Objective: The purpose of this study was to investigate the effect of acute and chronic whole-body vibration exercise on serum insulin-like growth factor-1 (IGF-1) levels in women with fibromyalgia. Methods: A randomized controlled two-factor mixed experimental design was used. Twenty-four women with fibromyalgia (age? ±? standard error of the mean, 54.95? ±? 2.03) were randomized into the vibration group or the control group. The vibration group underwent a protocol of static and dynamic tasks with whole-body vibration exercise twice a week for a total of six weeks, whereas the control group performed the same protocol without vibratory stimulus. Both groups continued their usual pharmacological treatment. Serum IGF-1 levels were determined using enzyme-linked immunosorbent assay (ELISA). To test the effects of long-term whole-body vibration exercise, serum IGF-1 measurements were taken at baseline and at weeks 1, 3, and 6 of the intervention. To test the short-term effects, at week 1, serum IGF-1 measurements were taken before and immediately following a session of whole-body vibration exercise. Results: Treatment adherence was 93% in the vibration group and 92% in the control group. None of the subjects dropped out of the study. There was an absence of change in IGF-1 at week 1 and week 6 of whole-body vibration exercise. Conclusion: Results show no change in serum IGF-1 levels in women with fibromyalgia undergoing whole-body vibration exercise. Although high-intensity exercise and whole-body vibration exercise have been shown to increase serum IGF-1 in healthy individuals, the effectiveness of whole-body vibration exercise as a strategy to produce improvements in serum IGF-1 levels in women with fibromyalgia could not be demonstrated.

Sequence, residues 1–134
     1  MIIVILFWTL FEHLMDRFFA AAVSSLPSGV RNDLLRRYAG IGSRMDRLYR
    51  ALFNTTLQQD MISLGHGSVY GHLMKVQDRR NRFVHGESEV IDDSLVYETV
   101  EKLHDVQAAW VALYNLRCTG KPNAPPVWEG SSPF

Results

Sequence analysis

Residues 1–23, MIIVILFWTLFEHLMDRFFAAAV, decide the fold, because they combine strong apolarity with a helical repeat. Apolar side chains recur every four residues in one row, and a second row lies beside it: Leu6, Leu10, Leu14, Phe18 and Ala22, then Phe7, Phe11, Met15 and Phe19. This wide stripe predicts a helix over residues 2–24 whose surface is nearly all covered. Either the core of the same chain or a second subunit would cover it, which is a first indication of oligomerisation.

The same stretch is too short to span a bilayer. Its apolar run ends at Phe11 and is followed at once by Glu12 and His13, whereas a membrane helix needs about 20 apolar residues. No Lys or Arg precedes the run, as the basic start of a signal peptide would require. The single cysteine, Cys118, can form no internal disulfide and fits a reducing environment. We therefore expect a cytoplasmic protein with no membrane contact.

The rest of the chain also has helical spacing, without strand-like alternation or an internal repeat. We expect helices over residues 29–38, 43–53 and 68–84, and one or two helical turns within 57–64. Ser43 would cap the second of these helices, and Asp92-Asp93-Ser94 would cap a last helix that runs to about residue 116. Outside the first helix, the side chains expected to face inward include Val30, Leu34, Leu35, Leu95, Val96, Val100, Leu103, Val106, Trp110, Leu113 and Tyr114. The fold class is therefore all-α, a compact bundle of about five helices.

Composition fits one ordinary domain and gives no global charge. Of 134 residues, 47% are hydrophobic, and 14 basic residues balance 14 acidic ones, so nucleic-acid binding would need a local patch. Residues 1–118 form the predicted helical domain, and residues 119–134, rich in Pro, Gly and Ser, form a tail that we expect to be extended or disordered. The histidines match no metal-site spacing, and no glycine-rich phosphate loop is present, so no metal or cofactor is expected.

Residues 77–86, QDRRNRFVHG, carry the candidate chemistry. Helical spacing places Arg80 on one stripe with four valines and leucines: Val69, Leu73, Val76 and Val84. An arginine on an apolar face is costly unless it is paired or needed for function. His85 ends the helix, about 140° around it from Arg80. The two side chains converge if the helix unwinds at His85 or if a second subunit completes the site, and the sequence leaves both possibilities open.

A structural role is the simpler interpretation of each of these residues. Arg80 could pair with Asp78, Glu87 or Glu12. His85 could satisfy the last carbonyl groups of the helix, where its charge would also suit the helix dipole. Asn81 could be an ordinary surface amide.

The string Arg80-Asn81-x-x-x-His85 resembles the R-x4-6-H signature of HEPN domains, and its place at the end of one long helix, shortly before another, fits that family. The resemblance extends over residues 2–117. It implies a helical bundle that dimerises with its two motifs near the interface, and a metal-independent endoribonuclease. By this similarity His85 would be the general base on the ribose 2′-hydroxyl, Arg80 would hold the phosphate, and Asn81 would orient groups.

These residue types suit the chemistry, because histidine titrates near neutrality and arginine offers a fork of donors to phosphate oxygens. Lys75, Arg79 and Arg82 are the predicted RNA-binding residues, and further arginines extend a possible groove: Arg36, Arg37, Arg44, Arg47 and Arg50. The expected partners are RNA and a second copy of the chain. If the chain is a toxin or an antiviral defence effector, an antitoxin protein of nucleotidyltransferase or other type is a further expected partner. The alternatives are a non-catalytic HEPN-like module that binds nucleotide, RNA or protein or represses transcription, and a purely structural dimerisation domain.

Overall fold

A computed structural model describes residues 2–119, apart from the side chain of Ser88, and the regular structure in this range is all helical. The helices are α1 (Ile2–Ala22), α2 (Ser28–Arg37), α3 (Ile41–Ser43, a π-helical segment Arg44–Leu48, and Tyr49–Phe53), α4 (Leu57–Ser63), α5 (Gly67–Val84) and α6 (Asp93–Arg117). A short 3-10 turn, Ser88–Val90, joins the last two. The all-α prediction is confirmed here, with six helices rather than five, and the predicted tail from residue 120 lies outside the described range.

ASJC Scopus subject areas
- Complementary and alternative medicine